Wednesday, December 1, 2010

World AIDS Day: Bruce Nauman's "Punch and Judy II Birth and Life and Sex and Death" At The Museum Of Modern Art

On exhibit at the Museum of Modern Art is the work of American artist, Bruce Nauman (b 1941) called "Punch and Judy II Birth and Life and Sex and Death" (1985). The artwork is a gouache and pencil drawing on paper, and is juxtaposed with wallpaper imprinted with the word AIDS (designed by a collective called General Idea, and is a riff on Robert Indiana's "Love" motif).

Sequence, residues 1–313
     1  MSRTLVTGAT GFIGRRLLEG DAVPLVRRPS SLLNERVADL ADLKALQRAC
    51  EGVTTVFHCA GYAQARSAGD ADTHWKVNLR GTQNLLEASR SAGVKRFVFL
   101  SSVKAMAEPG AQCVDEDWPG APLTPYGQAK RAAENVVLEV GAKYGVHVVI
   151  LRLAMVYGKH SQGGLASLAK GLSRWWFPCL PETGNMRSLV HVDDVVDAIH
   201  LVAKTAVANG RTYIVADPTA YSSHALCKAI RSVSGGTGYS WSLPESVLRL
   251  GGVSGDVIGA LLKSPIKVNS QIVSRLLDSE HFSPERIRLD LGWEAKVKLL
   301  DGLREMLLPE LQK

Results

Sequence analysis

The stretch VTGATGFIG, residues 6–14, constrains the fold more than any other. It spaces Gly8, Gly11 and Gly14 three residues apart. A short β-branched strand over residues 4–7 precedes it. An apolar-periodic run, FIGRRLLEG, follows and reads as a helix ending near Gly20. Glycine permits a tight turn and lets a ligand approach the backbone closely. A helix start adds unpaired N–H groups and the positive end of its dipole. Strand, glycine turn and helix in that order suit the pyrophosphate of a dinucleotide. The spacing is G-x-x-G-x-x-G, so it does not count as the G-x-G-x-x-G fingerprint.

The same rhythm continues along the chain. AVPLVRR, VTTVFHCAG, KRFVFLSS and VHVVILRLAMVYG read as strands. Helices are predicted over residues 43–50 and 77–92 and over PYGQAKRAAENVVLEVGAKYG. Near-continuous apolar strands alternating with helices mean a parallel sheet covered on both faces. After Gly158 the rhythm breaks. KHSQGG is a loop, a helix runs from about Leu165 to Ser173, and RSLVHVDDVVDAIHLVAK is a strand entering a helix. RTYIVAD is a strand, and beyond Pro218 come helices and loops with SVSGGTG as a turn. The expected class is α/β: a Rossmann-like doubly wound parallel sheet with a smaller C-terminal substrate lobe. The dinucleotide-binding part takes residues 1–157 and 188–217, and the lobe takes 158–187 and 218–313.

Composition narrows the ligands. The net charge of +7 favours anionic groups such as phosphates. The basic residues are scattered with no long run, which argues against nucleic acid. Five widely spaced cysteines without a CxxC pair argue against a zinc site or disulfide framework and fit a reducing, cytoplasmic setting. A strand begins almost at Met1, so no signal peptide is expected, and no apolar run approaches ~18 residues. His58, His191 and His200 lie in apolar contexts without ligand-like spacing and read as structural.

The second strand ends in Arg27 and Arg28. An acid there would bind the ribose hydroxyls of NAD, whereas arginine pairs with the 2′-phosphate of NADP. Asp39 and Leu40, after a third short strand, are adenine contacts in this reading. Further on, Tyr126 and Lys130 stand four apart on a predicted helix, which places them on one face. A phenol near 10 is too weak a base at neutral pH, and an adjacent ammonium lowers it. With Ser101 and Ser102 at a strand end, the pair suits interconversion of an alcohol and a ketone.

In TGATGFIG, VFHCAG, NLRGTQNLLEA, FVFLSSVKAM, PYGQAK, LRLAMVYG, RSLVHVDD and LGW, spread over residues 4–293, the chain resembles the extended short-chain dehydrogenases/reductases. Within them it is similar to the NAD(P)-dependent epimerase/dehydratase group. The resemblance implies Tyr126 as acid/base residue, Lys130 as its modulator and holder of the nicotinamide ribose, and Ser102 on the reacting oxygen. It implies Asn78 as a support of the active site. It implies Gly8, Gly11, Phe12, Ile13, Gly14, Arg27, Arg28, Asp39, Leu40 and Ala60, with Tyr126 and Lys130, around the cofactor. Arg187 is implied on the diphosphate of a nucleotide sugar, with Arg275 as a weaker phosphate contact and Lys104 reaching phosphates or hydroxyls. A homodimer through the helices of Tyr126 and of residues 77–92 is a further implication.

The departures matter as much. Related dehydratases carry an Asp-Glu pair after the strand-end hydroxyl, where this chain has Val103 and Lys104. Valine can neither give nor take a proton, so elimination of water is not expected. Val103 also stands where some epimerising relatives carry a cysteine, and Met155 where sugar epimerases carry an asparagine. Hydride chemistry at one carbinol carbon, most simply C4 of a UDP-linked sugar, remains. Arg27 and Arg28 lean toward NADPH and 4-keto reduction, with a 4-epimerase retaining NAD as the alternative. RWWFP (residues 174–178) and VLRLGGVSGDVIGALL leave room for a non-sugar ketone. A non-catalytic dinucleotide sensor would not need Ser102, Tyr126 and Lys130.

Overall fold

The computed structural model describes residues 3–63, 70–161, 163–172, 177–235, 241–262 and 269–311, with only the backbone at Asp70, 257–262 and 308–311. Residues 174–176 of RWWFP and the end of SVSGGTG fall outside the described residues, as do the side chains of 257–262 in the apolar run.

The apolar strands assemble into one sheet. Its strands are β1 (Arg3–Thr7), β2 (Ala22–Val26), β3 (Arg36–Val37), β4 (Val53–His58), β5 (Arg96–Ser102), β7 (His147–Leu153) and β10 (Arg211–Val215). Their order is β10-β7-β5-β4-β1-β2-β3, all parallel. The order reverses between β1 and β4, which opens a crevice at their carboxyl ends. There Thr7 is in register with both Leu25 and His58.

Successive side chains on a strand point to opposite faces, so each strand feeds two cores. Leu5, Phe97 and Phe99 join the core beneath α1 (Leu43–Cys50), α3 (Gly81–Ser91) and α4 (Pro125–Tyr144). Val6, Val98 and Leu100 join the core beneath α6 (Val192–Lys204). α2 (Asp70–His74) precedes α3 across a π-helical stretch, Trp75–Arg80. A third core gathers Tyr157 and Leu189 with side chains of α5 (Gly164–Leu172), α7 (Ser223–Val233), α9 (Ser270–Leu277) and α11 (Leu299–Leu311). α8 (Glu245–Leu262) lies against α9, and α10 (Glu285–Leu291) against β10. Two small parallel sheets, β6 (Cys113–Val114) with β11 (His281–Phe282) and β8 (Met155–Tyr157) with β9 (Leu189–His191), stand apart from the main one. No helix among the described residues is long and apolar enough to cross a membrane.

Nauman's work raises questions related to eternal tensions between life and death, love and hatred, verifiable truth and existential doubt. He addresses these issues with great economy in a hybrid contemporary idiom devised to connect, in as many ways as possible, the thoughts of the artist with the experience of the viewer. Nauman seeks to involve people with hard-to-grasp ideas and hard-to-face uncertainties or ambivalences, and he is prepared to use any method to push aside distractions, break down resistance, and make contact. Correspondingly, the unease created by Nauman's all-out and all-fronts assault on his own and other people's mental habits expresses itself in many ways: recoil at the sight of an apparently grim object, confusion at the sight of an inexplicably abstract one, surprise at the intensity of sounds or lights, embarrassed laughter at a crude joke or cartoon. Whatever that discomfort's manifestation, however, its importance is the same. For Nauman, thinking is feeling. Nauman's general outlook is correspondingly pessimistic, although pathos and tragedy frequently assume a comic guise in his art. The comedy can be harsh, as in Punch and Judy II Birth & Life & Sex & Death (1985), a preparatory drawing for a multiphase neon work in which the aforenamed puppet characters appear as a naked couple who engage in oral sex, attack each other with weapons drawn, and commit suicide, all at the same time.

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